In fact, a 2022 Netomi report “The State of Customer Service in 2022” found that over 50% of U.S consumers have not seen any improvement in their customer service experiences within the last 12 months.
Contact center teams must constantly analyze their customer interactions to identify trends and areas of improvement. Identifying the right metrics to help teams reach their customer experience goals is the first step. Here are 5 metrics to begin monitoring immediately in your contact center:
1. Abandonment Rate
There’s a common misconception that a contact center’s abandonment rate should be as close to 0% as possible. While it’s true that you want as many customers connected with agents or being routed to the correct party as possible. You must also be mindful of a diminishing return on your investment if you invest too much into zeroing out your abandon rate. Across multiple industries, a typical, healthy abandon rate is between 4% and 8%. Below 4% means you may be spending a lot of money on contact center staffing without a commensurate increase in customer satisfaction. An abandon rate above 8% indicates that you likely have customer service issues.
2. Wait Times
By measuring the wait time for abandoned interactions and comparing it to the overall wait time for the queue, you can make judgments about staffing levels. Test whether or not customers are willing to wait slightly longer than they are currently waiting for an agent. The willingness by customers to wait a little longer in queue gives tremendous flexibility around staffing level planning. This is especially true when combined with an analytics platform that can tell you when and under what circumstances customers are willing to wait longer. Now you can more dynamically and appropriately staff your contact center.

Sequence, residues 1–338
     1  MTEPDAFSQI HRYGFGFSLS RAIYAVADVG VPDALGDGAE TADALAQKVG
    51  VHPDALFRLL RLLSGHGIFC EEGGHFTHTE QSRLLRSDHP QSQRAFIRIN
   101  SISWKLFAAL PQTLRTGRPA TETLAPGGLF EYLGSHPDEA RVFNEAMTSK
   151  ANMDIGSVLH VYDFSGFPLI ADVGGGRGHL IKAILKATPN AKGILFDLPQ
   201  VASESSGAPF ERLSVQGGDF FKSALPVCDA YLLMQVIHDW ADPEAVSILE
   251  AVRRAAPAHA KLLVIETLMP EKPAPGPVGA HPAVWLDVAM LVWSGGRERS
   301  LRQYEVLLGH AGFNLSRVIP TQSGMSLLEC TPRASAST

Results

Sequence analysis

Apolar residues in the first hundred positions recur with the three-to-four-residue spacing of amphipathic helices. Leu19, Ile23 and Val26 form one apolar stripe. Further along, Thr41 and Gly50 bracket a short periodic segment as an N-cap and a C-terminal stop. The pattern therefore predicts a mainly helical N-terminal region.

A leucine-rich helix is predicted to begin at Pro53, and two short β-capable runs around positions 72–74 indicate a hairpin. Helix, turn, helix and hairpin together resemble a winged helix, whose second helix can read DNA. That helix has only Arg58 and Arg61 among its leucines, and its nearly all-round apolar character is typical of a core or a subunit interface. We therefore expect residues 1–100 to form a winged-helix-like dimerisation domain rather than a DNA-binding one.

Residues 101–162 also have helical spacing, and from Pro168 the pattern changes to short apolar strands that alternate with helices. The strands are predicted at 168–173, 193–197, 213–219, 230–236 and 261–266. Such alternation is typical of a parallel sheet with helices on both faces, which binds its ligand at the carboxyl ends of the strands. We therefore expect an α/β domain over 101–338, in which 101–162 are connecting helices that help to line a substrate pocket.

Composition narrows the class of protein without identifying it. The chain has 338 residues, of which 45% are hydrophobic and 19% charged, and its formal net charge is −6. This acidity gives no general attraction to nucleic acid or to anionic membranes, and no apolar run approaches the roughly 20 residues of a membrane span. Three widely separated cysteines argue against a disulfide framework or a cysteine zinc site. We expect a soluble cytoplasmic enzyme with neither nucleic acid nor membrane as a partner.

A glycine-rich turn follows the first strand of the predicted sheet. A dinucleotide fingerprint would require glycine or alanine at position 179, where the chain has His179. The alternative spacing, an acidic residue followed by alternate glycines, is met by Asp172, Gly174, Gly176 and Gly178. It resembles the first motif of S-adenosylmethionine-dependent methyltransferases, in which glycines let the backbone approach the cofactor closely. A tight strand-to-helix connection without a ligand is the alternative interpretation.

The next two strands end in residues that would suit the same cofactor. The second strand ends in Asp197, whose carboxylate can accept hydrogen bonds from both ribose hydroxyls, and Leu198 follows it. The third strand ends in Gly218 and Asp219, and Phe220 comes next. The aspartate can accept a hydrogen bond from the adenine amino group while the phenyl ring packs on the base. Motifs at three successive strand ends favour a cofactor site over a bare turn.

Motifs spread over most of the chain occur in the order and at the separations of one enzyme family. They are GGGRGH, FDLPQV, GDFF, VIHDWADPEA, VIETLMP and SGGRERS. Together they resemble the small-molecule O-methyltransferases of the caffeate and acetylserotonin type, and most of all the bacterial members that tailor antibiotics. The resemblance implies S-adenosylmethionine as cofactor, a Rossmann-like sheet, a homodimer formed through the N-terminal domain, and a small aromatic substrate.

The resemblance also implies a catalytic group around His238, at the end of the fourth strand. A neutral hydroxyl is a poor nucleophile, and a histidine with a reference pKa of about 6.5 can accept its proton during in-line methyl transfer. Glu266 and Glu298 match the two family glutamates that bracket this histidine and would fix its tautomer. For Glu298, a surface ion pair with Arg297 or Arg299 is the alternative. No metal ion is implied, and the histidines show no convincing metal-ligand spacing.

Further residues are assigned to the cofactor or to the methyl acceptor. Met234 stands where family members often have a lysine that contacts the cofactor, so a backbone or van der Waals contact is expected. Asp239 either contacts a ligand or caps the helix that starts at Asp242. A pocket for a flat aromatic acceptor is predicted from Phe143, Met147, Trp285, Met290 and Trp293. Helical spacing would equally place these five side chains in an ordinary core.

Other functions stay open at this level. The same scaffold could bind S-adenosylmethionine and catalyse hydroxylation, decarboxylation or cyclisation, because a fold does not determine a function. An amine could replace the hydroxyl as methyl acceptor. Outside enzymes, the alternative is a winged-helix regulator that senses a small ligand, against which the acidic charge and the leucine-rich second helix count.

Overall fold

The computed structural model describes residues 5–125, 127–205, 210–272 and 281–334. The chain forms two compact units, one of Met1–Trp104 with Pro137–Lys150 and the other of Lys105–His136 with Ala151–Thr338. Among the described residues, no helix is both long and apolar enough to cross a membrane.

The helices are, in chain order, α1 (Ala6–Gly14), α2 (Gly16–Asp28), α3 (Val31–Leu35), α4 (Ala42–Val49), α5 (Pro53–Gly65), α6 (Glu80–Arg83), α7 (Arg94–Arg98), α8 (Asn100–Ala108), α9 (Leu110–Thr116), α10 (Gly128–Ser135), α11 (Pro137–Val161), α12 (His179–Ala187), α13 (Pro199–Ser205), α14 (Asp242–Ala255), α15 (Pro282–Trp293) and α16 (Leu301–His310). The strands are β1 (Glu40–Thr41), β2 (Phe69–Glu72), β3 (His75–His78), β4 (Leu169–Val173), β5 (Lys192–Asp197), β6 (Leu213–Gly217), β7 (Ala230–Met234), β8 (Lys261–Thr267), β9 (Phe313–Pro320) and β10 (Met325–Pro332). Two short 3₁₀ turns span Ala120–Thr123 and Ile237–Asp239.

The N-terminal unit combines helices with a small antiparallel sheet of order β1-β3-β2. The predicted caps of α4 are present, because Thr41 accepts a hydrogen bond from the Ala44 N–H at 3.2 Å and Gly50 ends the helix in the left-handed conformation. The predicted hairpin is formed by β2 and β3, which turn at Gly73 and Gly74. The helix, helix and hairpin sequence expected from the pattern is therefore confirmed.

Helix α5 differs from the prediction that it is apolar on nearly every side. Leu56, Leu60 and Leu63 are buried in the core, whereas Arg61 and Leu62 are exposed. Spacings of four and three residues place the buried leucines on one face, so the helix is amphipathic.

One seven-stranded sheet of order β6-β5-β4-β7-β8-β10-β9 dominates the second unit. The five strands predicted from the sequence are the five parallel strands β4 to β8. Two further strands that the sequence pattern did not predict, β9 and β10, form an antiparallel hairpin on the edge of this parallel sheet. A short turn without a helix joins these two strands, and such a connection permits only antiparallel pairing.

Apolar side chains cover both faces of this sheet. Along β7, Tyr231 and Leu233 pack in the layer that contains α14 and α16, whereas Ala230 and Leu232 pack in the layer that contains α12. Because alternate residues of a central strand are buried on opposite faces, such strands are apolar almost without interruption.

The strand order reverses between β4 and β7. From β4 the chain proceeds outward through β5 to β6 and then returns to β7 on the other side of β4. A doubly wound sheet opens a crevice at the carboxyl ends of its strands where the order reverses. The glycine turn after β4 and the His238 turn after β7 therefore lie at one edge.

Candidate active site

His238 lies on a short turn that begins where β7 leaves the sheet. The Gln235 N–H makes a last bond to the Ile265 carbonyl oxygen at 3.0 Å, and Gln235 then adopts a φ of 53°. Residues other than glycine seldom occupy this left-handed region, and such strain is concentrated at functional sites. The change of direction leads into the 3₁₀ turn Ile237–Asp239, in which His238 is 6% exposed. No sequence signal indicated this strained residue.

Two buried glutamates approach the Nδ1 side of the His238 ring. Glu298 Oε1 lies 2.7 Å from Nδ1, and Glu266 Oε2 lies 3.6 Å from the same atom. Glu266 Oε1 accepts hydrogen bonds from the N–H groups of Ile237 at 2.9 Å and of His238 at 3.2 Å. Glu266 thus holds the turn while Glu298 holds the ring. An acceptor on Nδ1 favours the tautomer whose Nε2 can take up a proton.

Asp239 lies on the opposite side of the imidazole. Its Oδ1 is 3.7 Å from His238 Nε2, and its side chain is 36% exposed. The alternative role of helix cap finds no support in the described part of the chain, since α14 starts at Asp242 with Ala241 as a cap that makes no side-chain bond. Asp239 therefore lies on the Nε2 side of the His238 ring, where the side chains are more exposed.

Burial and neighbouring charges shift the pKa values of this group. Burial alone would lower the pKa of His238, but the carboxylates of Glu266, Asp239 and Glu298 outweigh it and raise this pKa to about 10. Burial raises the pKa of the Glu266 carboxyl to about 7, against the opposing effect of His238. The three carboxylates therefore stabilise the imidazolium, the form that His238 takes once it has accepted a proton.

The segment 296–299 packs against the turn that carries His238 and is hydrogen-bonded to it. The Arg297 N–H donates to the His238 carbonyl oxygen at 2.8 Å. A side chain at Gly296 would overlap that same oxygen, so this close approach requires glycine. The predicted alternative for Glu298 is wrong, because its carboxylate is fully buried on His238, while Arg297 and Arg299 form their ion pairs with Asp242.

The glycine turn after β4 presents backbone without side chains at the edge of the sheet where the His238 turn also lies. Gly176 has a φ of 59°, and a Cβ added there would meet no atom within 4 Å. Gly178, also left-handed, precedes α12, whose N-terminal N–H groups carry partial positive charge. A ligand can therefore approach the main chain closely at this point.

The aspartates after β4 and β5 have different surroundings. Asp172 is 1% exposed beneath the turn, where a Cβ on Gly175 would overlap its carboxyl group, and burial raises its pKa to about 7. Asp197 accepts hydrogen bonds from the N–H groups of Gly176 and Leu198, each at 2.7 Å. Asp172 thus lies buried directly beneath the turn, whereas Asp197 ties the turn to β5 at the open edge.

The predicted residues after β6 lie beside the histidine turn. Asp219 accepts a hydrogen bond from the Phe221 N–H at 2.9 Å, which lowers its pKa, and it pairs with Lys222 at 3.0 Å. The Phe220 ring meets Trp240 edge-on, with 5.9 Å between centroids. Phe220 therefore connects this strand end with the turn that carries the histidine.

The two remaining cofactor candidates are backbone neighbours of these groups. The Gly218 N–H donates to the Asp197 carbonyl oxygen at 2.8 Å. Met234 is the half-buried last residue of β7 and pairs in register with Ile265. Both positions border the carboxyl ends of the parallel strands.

3. Average Handle Time
Average Handle Time is a metric that measures the complete length of a customer’s call with one of your team members. Monitoring this common KPI offers insight into your agent’s productivity and performance. Imagine this scenario:
Mary is a new agent in the Customer Support queue. She takes the same types of interactions as everyone else but has less experience answering the questions she is getting. It is likely that you would see a longer than Average Handle Time for Mary’s interactions because she is trying hard to solve the customer’s issues. But you might also see a higher than average (compared to the rest of the group) percentage transferred compared to the rest of the queue because, as hard as Mary is trying, she still has to transfer more interactions off to others for assistance than the more experienced representatives. This scenario is an indication that Mary likely needs additional training.
4. Agent Percentage Idle
Agent Idle is the time between the moment an agent wraps up a customer interaction to the moment the agent begins the next customer interaction. The value of this metric is dependent on the interaction distribution pattern for the group. If interactions are presented to the agents one at a time (round robin, longest idle, etc), this metric should be watched closely. However, if interactions are presented to all agents simultaneously, tracking this metric is of little value.